Having stayed in the Loews Philadelphia before, I knew to expect wonderful service and modern comfort. Housed in what was once Philadelphia’s first skyscraper, it is noticeable in the skyline near the Philadelphia Observatory with the PFSF signage that remains at Loews’ peak. It does boast some of the city’s best views, quality, and locales.
I was also lucky enough to receive an upgrade, so the stars (and stripes) aligned for that view next to the William Penn statue atop City Hall. My feeling paid off that with the spectacular views I remembered, the Fourth of July fireworks above the Philadelphia Museum of Art would be in all their glory from the hotel.
Just as many political campaigns have the occasional dark intrigue, there are some bizarre things for the offering in Philly, too. For hands-on interactive history at a moderate charge, Eastern State Penitentiary welcomes the public to tour what was once the most expensive and famous prisons in the world. Built and expanded upon since 1776 with the guidance of Philadelphia Society for Alleviating the Miseries of Public Prisons and member Benjamin Franklin, to bring penitence to inmates via solitary confinement, it is a haunting examination into criminal justice and reform with new and permanent exhibits. After this fascinating visit it might ease the intensity to wander up to Crime &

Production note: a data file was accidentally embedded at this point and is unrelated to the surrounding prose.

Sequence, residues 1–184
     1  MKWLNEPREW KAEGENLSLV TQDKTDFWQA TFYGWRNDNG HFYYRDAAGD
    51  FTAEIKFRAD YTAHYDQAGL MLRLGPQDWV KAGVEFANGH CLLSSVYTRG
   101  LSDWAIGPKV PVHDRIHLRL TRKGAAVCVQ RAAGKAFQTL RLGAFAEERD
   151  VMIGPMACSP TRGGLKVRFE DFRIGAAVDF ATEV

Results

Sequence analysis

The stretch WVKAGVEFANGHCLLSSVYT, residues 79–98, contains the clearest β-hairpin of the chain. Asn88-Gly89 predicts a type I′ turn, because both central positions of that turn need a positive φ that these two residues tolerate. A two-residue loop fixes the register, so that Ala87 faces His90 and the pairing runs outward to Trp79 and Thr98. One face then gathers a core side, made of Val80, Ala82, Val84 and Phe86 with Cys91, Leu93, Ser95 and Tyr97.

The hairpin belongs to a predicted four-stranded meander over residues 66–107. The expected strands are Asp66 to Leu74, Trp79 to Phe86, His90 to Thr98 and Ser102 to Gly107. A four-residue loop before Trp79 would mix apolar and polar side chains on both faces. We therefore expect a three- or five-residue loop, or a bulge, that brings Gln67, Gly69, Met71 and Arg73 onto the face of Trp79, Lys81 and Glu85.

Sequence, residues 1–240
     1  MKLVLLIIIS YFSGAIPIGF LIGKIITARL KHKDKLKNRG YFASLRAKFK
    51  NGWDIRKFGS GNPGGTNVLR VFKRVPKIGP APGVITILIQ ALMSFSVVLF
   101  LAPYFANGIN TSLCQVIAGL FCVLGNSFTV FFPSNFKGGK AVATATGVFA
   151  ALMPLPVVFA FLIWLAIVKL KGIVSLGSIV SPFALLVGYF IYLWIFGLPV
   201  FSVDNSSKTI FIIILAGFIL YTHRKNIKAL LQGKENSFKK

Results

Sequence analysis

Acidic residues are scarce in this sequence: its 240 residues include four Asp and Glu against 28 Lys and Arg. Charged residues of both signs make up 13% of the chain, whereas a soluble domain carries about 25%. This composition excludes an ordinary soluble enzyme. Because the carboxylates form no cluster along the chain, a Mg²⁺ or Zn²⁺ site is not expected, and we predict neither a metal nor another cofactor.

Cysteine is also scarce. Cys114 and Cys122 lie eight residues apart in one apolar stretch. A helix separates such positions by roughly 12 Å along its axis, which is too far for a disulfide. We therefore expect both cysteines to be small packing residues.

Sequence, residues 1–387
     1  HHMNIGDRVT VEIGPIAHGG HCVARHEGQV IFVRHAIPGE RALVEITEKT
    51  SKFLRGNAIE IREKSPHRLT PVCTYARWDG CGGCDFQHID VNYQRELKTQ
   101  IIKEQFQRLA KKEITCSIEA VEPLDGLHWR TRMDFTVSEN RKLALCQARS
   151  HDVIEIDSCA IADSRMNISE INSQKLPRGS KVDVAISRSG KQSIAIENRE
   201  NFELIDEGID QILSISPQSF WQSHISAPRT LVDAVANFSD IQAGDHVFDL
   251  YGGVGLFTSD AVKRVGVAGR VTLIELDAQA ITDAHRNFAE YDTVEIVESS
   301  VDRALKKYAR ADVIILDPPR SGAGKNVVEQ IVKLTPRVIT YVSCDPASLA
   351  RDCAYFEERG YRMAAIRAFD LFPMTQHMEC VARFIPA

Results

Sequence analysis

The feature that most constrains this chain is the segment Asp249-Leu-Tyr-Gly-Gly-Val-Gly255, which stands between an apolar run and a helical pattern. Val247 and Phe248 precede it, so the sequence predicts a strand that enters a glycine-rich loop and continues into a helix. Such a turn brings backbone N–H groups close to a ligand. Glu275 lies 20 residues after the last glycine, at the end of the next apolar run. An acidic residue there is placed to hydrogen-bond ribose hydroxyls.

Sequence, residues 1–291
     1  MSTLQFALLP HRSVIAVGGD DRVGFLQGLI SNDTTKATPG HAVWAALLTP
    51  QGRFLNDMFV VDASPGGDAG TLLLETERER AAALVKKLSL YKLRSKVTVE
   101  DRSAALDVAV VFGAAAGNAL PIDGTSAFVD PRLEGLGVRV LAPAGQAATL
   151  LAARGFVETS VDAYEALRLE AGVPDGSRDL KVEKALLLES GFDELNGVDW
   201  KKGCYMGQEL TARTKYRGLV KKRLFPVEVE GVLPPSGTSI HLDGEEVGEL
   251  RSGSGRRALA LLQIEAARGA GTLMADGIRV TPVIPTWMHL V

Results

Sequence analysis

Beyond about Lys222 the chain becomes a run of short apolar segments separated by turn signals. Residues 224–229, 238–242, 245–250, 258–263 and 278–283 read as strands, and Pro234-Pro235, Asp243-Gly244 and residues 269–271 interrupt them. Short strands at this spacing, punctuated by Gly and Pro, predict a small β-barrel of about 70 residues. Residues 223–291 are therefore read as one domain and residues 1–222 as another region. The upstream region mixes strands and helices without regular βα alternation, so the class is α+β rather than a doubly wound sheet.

Punishment Brewery for a relaxing brew.